The Art of Negotiating With a Big Fish, a short story by Lily Finch at

The Art of Negotiating With a Big Fish

The Art of Negotiating With a Big Fish

written by: Lily Finch


He lived as he rode his horses: fast and precise. His resilience in winning proved his endurance and determination in the jockey lifestyle. “I am feeling it this year, Mack,” he hollered to the feeder before the owners arrived. Juan knew they would be pleased as punch that he won the derby. Then again, Juan knew all the glory went to the horse mostly and then to the owner, so the jockeys were not very noticeable in the winning team equation.

He figured he had given countless hours of his time and a considerable part of his life to reach this one moment; he couldn’t have been more conflicted; did this mean he could retire for good?

He pondered these thoughts in the winner’s circle with his glass of milk.

Juan’s mind swirled by the factual information that filled his head as a 25-year-old man just hardly near the prime of his career. The average racehorse lives to be twenty-seven. Jump jockeys leave the sport when they are thirty-five compared to flat race jockeys, which, on average, retire at forty-five.

Most result from a myriad of health problems and concerns because the sport’s wear and tear on the body cause such a premature retirement in most cases. Sadly, most jockeys retire without ever reaching the winner’s circle.

Juan accomplished mastery so young when he entered the winner’s circle without a thought of hanging up his racing pants. Surely Juan would use the business negotiation tactics they practiced for this occasion. MariaJosé fancied Juan as a negotiator since he was an excellent observer and saw his parents negotiate daily when he was young in their family business.

Juan faced many decisions now. He surely would meet with the owner today. A tradition after winning the Horse Racing–15.30 Timico Cheltenham Gold Cup Chase, the meeting remained at the forefront of Juan’s mind. He thought of an excellent counterplan to bring to the owner. His thoughts returned to the negotiation skills he learned from practicing with MariaJosé.

The owner arrived at the winner’s circle and took his rightful pose with the horse and Juan. Kipling, on cue, asked Juan to come to his office immediately after the photo opportunity.

Juan took a few minutes to get his head straight. Then walked into Kipling’s office; the owner, Gerald R Kipling, looked up from his documents and removed his glasses.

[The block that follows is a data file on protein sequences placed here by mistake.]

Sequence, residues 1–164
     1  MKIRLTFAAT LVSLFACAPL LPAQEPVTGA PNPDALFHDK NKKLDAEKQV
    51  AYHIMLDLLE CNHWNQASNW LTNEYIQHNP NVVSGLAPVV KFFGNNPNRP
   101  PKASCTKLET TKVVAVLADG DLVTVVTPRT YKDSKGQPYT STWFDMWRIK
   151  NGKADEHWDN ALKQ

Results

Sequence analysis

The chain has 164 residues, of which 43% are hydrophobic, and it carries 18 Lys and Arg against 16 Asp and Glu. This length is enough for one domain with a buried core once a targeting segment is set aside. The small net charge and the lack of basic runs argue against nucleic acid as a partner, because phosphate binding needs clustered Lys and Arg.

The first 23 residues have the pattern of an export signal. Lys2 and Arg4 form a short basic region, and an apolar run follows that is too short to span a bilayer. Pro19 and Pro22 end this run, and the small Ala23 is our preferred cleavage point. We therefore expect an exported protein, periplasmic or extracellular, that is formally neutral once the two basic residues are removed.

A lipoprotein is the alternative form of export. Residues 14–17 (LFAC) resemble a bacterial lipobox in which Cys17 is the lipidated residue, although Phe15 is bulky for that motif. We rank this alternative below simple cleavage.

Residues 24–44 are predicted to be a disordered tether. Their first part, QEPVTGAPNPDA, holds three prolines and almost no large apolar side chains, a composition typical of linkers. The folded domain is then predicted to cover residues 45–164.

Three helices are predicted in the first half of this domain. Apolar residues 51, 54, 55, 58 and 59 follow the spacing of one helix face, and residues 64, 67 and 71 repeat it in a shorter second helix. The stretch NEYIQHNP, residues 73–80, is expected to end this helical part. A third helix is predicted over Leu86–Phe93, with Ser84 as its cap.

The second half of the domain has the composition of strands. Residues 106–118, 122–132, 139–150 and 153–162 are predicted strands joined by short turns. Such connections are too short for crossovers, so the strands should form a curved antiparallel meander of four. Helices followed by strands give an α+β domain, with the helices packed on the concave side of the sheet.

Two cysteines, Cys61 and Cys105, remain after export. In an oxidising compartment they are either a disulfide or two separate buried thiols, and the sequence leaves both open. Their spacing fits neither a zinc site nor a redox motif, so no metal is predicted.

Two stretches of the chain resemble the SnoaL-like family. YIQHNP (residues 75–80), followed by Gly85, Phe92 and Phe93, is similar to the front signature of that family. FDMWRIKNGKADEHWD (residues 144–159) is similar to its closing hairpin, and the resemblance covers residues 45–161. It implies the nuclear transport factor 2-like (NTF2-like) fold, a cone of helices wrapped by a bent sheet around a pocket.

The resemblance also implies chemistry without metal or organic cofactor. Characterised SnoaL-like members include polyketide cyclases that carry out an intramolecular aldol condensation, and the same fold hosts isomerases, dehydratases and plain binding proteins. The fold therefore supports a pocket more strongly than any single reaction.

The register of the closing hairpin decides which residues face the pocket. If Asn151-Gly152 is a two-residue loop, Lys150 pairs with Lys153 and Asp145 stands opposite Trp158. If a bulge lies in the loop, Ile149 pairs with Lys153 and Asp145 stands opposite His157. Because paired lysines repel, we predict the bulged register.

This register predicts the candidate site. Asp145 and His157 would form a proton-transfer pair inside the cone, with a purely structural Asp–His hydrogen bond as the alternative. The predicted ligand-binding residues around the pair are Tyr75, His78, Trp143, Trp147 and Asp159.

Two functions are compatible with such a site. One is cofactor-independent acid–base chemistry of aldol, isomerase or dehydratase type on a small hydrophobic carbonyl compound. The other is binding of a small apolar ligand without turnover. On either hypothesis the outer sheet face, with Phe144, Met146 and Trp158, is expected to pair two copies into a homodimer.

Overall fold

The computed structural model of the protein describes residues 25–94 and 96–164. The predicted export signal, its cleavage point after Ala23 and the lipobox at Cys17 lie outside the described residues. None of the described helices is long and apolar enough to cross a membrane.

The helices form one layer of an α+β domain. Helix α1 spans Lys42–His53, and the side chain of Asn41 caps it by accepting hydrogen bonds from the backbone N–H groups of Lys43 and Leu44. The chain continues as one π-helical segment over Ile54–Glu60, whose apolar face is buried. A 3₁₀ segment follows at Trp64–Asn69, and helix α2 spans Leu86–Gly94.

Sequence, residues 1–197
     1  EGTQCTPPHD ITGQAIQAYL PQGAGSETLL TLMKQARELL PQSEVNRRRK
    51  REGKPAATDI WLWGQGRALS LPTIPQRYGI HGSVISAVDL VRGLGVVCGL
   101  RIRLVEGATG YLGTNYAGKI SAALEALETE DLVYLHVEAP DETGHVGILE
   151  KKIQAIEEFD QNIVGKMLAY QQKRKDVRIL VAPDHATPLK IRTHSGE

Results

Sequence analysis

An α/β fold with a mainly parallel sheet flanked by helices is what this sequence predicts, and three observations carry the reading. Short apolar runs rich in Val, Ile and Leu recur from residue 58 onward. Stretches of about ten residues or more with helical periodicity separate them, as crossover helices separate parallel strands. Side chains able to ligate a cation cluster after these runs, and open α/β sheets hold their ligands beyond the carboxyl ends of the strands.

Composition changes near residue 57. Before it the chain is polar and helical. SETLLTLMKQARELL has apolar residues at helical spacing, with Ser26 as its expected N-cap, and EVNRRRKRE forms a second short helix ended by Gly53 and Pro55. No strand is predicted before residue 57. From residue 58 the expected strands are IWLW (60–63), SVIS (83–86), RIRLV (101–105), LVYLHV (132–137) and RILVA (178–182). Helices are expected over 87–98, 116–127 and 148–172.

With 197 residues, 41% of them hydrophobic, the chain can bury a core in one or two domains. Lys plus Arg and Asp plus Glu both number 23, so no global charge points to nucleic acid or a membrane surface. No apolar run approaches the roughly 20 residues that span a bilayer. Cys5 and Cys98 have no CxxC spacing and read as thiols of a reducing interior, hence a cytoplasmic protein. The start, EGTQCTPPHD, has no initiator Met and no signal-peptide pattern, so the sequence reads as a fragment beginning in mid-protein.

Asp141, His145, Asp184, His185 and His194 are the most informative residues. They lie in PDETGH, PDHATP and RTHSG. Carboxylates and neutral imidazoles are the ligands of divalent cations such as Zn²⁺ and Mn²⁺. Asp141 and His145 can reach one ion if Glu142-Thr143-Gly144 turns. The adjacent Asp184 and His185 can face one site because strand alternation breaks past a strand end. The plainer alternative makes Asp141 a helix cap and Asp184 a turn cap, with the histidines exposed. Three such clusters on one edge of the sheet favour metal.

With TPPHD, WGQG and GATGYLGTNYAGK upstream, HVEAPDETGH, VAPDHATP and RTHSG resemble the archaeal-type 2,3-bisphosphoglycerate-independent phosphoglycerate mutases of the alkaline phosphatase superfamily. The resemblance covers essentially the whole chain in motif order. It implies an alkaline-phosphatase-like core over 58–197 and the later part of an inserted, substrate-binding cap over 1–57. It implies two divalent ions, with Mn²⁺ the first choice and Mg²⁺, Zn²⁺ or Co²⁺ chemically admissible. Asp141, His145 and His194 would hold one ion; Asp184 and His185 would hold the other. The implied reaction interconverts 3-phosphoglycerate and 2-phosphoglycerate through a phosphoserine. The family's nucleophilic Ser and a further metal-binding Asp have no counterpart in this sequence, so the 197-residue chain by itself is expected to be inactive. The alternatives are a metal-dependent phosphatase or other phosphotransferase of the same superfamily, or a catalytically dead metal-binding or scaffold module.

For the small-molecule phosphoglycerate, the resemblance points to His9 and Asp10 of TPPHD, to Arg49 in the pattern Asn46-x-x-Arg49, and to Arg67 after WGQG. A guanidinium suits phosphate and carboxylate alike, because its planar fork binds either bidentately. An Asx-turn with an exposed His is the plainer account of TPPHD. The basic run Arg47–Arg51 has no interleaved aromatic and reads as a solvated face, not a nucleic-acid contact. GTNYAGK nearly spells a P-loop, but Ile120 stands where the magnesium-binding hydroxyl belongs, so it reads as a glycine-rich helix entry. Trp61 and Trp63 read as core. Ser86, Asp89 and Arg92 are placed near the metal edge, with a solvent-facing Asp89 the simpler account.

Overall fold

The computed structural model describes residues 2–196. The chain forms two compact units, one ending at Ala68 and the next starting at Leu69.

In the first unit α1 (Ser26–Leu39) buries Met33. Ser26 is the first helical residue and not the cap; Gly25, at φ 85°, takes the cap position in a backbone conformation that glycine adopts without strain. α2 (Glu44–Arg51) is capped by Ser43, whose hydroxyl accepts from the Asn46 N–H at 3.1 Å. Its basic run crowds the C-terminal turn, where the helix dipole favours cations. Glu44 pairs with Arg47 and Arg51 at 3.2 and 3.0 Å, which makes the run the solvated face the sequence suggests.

“Well, Juan, I can’t thank you enough for winning today! You were phenomenal.”

“Yes, skill and hard work got me there along with Piper, your horse, of course.”

“Juan, I wanted to discuss the future with you. I wonder if you will stay with our organization or are thinking of leaving. I only ask because I saw other owners hovering around, and it took you some time to get here.”

“Thank you, Mr. Kipling. Sir, with respect, I have some points I would like to discuss with you too. You are correct. There were owners out there looking at me,” Juan held up his hand, waved it like a slice in the air, and said, “All in good time. I want to begin with the obvious to learn if we agree on matters surrounding jockeys. So, I begin. If a jockey isn’t on the horse’s back, the horse can’t win the race. Would you agree?”

“Yes, of course, Juan. Everyone knows that.” Kipling laughed nervously.

“Great, we both agree there must be a jockey on the horse when it crosses the finish line.”

“Juan, of course, we agree. Why would you think we wouldn’t? What is going on here? Where is this conversation going, Juan?”

“Yes, sir, please, sir, bear with me. We both know jockeys make money by winning races. Maybe you don’t know that making a living as a jockey is tough because we don’t receive payment when we work out horses in the mornings for trainers. This is how a jockey learns mounts in races, and often a jockey will work out four or five horses every morning for no pay. Were you aware of this? And would you agree?”

“Juan, this is stuff we already know and agree on already. Where is this going? I have the offer to show you; if you look, you’ll see it is more than fair.”